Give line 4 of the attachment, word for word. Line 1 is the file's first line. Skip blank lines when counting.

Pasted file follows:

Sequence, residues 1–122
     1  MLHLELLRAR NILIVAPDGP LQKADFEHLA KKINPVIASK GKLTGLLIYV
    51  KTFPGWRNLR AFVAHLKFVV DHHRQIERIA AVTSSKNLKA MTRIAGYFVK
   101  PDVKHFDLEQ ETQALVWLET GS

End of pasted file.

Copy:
   101  PDVKHFDLEQ ETQALVWLET GS